# Difference between revisions of "List notation"

From HaskellWiki

(insert elements conditionally) |
(operator section) |
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− | * You can construct a singleton list with a [[ |
+ | * You can construct a singleton list with a [[Section of an infix operator|section]] of the colon operator: <haskell>(:[]) :: a -> [a]</haskell>. |

* You can prepend an element to a list: <haskell>(x:) :: [a] -> [a]</haskell>. E.g. <haskell>iterate (' ':) []</haskell> creates a list of blank strings with increasing size very efficiently. |
* You can prepend an element to a list: <haskell>(x:) :: [a] -> [a]</haskell>. E.g. <haskell>iterate (' ':) []</haskell> creates a list of blank strings with increasing size very efficiently. |
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## Revision as of 17:08, 4 November 2008

We are used to the list notation `[0,1,2,3]`

.
However it is syntactic sugar for `(0:1:2:3:[])`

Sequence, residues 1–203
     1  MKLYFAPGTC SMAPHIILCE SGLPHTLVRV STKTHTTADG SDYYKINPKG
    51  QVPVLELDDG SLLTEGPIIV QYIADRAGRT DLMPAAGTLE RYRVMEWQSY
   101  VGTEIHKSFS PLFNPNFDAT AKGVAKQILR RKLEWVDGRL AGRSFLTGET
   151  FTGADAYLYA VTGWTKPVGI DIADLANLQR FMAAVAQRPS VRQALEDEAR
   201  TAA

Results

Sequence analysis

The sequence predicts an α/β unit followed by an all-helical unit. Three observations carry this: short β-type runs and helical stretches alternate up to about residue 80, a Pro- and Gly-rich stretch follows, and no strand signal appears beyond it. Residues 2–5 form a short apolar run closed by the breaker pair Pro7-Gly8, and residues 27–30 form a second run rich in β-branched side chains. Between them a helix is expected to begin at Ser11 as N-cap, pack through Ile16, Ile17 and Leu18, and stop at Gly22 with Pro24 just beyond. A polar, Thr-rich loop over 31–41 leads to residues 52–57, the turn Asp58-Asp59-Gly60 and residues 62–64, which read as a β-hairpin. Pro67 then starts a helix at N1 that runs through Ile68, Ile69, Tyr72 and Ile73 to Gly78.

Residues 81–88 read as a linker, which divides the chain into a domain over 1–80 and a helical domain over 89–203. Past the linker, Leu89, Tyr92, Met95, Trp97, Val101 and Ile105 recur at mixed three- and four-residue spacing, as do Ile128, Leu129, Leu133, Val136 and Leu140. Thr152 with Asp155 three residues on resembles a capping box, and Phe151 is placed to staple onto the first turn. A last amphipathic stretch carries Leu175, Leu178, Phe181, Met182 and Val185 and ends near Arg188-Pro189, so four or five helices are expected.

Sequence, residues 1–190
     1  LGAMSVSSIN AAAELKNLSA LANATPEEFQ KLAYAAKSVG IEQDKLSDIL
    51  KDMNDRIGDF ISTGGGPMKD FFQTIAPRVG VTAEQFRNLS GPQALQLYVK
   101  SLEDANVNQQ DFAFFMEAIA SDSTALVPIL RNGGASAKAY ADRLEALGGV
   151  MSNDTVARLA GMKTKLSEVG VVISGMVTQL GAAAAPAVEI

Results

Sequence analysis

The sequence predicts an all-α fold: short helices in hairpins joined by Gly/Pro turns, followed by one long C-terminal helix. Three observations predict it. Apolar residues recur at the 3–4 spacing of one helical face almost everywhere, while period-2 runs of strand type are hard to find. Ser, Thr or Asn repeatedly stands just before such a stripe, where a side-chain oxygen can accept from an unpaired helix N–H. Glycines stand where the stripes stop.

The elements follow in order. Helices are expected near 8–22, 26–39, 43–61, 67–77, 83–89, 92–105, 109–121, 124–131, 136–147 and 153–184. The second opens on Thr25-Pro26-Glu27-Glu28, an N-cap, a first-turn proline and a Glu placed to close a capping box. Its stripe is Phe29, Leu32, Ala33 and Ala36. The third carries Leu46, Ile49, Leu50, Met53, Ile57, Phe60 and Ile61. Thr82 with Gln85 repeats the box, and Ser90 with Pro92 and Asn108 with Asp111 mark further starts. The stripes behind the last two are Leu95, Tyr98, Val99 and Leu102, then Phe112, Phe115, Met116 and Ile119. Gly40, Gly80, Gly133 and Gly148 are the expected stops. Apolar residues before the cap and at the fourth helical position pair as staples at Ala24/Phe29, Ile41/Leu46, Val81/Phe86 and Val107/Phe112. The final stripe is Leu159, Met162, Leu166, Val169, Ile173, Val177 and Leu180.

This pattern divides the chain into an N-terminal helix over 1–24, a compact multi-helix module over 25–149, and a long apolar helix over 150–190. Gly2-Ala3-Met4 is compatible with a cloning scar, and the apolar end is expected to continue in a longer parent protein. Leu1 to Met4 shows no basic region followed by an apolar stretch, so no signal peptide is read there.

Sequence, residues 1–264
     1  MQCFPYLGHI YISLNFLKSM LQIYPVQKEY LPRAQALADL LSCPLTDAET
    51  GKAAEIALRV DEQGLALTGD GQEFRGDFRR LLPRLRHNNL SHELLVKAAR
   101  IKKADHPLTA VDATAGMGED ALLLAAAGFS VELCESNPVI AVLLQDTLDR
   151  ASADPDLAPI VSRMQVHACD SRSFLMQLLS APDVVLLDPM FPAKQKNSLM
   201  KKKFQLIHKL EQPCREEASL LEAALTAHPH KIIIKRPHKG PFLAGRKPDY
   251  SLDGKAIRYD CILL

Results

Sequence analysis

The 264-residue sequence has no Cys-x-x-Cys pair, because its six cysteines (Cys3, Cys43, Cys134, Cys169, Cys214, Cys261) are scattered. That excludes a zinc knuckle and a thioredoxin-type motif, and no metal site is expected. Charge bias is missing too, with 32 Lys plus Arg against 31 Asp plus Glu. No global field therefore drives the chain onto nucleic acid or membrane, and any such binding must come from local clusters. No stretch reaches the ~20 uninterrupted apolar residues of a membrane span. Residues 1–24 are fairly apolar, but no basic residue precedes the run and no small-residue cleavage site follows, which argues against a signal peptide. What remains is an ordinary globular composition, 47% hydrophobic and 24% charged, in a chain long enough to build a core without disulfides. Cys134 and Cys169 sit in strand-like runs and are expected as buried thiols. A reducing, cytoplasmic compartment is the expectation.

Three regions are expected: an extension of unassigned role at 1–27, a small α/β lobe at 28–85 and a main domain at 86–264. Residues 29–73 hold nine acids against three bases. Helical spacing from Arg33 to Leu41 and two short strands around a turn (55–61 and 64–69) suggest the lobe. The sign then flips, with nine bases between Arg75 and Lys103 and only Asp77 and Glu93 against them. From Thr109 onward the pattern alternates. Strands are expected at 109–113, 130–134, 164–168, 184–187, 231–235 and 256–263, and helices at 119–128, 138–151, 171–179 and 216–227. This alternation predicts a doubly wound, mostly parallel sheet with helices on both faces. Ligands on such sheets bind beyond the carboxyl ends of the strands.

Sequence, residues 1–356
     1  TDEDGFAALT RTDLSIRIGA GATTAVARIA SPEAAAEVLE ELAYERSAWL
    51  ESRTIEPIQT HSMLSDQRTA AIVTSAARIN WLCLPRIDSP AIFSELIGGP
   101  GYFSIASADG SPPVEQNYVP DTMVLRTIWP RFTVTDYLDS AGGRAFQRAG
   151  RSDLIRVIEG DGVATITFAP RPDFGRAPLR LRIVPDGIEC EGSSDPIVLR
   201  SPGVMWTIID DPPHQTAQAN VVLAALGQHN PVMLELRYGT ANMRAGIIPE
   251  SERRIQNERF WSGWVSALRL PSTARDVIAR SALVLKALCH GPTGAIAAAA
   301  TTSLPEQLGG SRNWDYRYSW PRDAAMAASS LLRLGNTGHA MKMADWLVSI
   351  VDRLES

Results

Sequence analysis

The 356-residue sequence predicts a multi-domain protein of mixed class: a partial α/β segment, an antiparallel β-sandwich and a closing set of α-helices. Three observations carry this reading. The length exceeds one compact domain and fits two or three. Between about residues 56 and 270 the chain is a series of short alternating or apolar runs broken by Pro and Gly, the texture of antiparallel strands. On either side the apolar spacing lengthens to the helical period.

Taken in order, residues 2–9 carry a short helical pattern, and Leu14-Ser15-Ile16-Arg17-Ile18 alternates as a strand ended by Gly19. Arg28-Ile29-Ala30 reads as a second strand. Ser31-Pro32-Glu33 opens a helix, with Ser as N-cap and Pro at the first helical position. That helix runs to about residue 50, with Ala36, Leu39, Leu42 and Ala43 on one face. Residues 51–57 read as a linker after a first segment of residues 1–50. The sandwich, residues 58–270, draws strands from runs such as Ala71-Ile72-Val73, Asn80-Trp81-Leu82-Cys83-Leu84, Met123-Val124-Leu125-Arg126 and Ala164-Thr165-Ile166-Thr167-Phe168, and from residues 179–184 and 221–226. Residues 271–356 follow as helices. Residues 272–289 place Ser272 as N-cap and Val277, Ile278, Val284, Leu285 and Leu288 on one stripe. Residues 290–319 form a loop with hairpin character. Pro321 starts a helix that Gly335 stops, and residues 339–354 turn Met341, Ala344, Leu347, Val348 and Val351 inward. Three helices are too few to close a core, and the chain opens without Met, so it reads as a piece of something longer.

.
By using the syntactic sugar,
we often miss the benefits of the direct notation.

- A trailing colon is like a terminator.

```
0 :
1 :
2 :
3 :
[]
```

- Thus it is more theoretically sound and easier to edit.

- You can easily mix elements and lists into a list by appending the corresponding operator in each line:

```
[1,2,3] ++
4 :
listA ++
5 :
listB ++
[]
```

- You can insert elements or sub-lists conditionally.

```
infixr 5 ?:, ?++
(?:) :: (Bool, a) -> [a] -> [a]
(?:) (b, x) = if b then (x:) else id
(?++) :: (Bool, [a]) -> [a] -> [a]
(?++) (b, x) = if b then (x++) else id
list =
[2,3] ++
(x==5, 5) ?:
(x==7, listA) ?++
[]
```

- You can construct a singleton list with a section of the colon operator: .
(:[]) :: a -> [a]

- You can prepend an element to a list: . E.g.
(x:) :: [a] -> [a]

creates a list of blank strings with increasing size very efficiently.iterate (' ':) []

See also: